But Flynn says it's a flaw that he wished more elected officials had.
"The best ones I've known are the deliberate ones," he says, naming the late Gov. Scott Matheson Sr. and former Michigan Gov. George Romney, among others.
"To me it's unfortunate that politics doesn't attract the thoughtful - that it only attracts the glib - because that's exactly what we don't need."
Matheson has been good for the law school, recruiting respected faculty from around the country and healthy donations, notes Flynn.
"The best thing that has happened is nothing has blown up," he says. "His attention to detail explains a lot of that."
It isn't a new approach.
When he was the top federal prosecutor for Utah, from 1993 to 1997, Matheson put the office through a tough reorganization. Some of the attorneys and staff "didn't like Scott's attention to detail. They felt he micromanaged them. They felt he didn't respect or trust them," says Dave Schwendiman, an assistant U.S. attorney who was Matheson's chief assistant.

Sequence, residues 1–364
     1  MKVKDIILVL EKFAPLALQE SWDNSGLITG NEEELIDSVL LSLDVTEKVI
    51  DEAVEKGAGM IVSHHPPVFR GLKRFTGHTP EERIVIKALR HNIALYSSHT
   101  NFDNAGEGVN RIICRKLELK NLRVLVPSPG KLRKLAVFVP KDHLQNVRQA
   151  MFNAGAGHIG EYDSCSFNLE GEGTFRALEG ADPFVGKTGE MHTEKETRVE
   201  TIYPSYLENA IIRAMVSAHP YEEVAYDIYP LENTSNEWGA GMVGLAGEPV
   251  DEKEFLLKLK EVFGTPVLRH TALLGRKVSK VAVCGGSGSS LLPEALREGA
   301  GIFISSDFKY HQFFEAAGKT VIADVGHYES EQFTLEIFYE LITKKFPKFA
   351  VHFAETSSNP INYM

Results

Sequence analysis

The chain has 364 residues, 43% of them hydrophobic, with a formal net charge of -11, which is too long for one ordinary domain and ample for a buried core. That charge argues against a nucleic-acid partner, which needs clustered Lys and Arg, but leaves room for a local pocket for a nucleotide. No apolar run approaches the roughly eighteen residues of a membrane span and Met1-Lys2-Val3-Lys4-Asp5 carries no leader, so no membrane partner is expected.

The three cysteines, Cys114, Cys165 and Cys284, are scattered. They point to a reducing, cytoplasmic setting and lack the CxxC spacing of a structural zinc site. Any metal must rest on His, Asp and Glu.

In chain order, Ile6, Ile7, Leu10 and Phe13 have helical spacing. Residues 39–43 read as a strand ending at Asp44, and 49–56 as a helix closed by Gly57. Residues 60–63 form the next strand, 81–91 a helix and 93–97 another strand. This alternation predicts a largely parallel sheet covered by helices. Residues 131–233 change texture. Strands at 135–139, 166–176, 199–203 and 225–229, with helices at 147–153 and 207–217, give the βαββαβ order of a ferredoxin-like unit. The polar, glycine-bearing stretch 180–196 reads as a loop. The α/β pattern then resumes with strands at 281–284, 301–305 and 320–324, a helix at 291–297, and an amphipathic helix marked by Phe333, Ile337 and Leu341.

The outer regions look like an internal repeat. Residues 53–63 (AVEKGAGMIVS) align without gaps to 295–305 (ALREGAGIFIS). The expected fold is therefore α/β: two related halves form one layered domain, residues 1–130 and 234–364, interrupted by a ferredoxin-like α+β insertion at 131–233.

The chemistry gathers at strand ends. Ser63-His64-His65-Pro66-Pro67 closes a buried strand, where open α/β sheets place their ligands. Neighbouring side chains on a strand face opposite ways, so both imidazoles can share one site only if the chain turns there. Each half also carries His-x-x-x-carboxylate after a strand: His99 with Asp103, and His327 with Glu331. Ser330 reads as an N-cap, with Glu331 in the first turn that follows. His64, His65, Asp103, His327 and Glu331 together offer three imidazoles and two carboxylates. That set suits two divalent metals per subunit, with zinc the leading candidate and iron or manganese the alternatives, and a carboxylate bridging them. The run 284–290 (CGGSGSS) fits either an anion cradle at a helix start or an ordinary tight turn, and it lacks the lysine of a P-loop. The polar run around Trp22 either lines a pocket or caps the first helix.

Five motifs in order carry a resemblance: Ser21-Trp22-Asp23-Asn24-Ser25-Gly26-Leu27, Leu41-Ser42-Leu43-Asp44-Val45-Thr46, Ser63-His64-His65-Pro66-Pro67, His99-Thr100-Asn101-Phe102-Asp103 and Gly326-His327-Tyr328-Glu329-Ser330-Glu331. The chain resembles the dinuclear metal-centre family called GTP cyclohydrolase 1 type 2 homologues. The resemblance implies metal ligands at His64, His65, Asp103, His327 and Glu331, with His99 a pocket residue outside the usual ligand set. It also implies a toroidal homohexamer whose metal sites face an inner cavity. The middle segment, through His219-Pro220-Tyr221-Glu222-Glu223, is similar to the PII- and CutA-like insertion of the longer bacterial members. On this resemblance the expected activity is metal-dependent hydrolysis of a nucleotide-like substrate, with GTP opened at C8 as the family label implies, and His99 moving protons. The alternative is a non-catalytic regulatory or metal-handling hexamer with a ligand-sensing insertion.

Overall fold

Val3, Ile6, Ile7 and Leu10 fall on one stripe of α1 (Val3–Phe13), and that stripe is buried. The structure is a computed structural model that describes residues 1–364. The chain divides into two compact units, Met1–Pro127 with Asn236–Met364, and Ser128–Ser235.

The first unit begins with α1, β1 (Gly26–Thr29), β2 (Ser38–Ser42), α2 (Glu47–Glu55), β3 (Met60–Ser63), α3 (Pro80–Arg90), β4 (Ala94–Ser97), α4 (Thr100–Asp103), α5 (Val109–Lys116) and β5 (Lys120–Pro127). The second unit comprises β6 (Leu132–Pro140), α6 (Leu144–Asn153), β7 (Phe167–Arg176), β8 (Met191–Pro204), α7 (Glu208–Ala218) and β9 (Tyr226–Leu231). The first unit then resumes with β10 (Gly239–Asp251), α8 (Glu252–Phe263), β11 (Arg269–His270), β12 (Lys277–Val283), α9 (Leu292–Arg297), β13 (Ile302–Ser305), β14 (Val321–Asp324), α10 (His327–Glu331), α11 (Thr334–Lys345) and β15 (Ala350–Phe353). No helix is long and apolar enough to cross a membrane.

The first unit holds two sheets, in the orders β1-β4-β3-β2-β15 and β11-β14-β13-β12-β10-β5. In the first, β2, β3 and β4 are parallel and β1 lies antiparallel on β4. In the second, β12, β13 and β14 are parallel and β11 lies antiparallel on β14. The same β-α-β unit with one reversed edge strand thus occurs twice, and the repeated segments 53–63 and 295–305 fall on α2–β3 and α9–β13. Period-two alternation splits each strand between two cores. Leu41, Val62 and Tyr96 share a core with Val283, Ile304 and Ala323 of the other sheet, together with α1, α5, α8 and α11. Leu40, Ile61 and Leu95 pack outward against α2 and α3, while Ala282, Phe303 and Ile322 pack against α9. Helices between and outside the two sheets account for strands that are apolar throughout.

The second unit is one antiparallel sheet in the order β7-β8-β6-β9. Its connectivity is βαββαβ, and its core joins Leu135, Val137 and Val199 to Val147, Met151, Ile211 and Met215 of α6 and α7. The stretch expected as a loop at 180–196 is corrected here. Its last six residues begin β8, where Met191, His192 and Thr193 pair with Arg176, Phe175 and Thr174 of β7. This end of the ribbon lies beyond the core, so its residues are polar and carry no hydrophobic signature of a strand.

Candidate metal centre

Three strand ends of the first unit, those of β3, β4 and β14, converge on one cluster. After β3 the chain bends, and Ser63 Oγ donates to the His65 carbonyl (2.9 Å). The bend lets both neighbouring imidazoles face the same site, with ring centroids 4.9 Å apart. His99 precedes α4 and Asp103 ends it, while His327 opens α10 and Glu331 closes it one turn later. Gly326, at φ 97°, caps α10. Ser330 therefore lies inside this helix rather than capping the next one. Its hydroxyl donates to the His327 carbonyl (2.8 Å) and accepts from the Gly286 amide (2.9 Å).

But rather than being tyrannical, Matheson "was insisting on 110 percent effort on anything he did. You have to submit to it and commit to it," says Schwendiman. "You can call it what you want; I call it attention to detail and being responsible . . . getting down in the weeds."
Schwendiman became a close friend. He has taken a several-week leave of absence from the prosecutors' office to volunteer full-time on the gubernatorial campaign.
It is the kind of full-out, long-term commitment Matheson inspires from colleagues, or, as in the case of Q. Michael Croft, former mentors.